On this day in 1946:
LINERS FROM BRITAIN
GREAT WAR SERVICE
The Mauretania, one of Britain's newest transatlantic liners, recently broke a world record. She completed the 4,000 mile run from Fremantle (Western Australia) to Durban (South Africa), in eight days. The previous record was nine and three quarter days, set up in 1939 by another British liner, the Dominion Monarch. The Mauretania, a Cunard White Star vessel, was built in 1938. When, in 1939, she made her maiden voyage from London to New York, she was acclaimed one of the finest liners afloat. But her present reputation rests mainly on her war performance. Since the outbreak of war, like other Cunarders she has been carrying allied troops to fighting fronts all over the world. So far she has transported 335,000. This compares well with the performance of the Queen Mary and the Queen Elizabeth (both Cunard ships) which, apart from other duties, have transported more than one million United States troops across the Atlantic, one of the free services rendered by Britain under Reverse Lend-Lease.
Although she has a tonnage of close on 36,000, the Mauretania is small compared with the Queen Mary and Queen Elizabeth which are 81,000 and 85,000 tons respectively, but she is still one of the word's largest passenger liners. There are only five liners in the world held by non-British owners with greater tonnage. These are all European vessels averaging 45,000 tons. One of these, incidentally, is the German liner Europa, of 49,000 tons and built in 1928.
The Queen Mary and Queen Elizabeth, with Mauretania, will continue their wartime jobs until all United States and other Allied forces have been taken home. But immediately this work is done, the United Kingdom shipyards will get on to the task of converting them back to liners for the Transatlantic service in which Britain has so long held supremacy. Additions will also be made to the present great strength--it was recently reported that a sister ship of the Mauretania is to be built.
What will be the fares for these luxury Transatlantic runs? The Cunard line is not yet prepared to say anything definite, but it is interesting that recently an unofficial report stated that fares would be about 20 per cent lower than pre war. If this proves to be the case, the cabin fare from Britain to the United States will range from £50 to £60 according to season, and third class from £21 to £25.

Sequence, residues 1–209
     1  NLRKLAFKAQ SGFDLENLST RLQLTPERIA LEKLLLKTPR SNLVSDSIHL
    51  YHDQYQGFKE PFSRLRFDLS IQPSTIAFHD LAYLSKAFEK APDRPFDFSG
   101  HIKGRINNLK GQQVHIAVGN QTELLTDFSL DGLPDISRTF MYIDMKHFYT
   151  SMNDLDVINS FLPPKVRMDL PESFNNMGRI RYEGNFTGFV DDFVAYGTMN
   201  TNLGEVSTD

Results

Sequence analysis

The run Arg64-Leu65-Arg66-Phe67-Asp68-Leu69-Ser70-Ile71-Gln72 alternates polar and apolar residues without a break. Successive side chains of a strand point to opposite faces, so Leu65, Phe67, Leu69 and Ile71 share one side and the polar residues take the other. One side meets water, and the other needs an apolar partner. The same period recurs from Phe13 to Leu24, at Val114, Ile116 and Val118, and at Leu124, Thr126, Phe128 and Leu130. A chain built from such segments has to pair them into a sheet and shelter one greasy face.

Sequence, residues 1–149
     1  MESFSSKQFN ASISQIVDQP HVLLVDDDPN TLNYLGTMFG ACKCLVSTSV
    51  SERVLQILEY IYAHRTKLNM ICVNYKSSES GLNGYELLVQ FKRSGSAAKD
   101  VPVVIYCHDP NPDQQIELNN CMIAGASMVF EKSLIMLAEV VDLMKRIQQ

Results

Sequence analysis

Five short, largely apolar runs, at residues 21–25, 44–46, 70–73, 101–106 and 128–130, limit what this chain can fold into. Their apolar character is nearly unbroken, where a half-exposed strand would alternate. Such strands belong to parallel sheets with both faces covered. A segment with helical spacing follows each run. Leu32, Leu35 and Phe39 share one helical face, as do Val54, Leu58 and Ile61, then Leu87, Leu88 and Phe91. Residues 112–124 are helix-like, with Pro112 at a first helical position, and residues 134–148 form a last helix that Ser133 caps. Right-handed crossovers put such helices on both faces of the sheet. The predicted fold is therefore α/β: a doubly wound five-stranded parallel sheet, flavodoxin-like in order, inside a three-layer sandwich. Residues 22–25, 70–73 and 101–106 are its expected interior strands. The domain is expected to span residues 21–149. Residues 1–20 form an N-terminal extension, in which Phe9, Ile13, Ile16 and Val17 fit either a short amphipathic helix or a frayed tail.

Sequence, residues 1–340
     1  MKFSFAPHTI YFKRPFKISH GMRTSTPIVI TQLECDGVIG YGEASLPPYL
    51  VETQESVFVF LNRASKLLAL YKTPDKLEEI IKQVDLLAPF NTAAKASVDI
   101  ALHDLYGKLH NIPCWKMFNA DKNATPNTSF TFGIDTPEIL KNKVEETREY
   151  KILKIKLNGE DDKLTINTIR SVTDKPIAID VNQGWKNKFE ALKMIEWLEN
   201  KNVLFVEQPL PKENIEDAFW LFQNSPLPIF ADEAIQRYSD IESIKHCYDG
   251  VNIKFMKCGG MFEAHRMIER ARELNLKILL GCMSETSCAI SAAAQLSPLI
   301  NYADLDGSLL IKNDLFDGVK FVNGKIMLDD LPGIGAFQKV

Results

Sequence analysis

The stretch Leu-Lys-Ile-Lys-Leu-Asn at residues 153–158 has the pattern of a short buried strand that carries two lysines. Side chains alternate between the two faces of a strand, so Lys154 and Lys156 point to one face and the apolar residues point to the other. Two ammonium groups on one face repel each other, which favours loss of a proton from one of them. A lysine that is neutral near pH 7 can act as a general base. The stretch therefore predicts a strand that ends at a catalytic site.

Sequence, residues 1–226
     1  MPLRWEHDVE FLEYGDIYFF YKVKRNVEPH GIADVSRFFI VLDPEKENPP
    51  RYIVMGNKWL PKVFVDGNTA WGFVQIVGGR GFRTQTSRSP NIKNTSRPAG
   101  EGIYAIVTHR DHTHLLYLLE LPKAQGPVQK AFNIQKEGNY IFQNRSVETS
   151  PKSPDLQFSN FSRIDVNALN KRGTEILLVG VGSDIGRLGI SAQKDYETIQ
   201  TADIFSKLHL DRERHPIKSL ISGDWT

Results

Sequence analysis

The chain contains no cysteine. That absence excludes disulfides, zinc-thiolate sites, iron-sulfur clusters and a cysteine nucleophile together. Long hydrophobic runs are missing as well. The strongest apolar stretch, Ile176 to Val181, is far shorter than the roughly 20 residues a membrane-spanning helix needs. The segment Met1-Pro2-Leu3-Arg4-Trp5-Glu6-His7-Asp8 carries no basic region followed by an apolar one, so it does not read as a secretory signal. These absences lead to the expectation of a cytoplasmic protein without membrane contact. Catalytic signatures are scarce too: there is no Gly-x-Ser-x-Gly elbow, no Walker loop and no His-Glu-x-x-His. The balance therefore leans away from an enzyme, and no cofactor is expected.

It is also clear that Cunarders, once they have reverted to peacetime work will retain speed supremacy. The Mauretania's latest record has established what she can do, and it is interesting, too, that this liner, built for 3,000 mile voyages, was able to break a record on a 4,000 miles run. Again during the war, Queen Elizabeth for example, averaged only four-and-a-half days on each Atlantic crossing in spite of a zig-zag course to avoid enemy submarines. This is a remarkable performance in view of the fact that even before the war the Transatlantic record--held by the Queen Mary--was three days twenty hours.
Britain's shipping lines are not thinking solely of a rapid restoration of the Atlantic service. Work on reconditioning some of the United Kingdom's biggest passenger liners for normal service on other routes has already begun. To-day four passenger liners, totalling 100,000 tons, which have been on war service are in the Mersey shipyards. They are Empress of Scotland, the Duchess of Bedford, the Winchester Castle and the Alcantara. Their reconversion is now being pushed ahead to prepare them for re-entry on four of the world's main ocean passenger routes, to Australia, to Canada, to South Africa and to South America. Reconversion will take about six months and will be followed by other units.
As in the case in so many branches of British industry, shipping will benefit enormously from wartime developments. Authorities in the United Kingdom are pointing [illegible] inventions and advances in this field have a [illegible] peacetime application since a majority related less to actual [illegible] than to the efficiency and safety of the vessels. - Northern Times, Carnarvon, WA
Photo credit: World Ship Society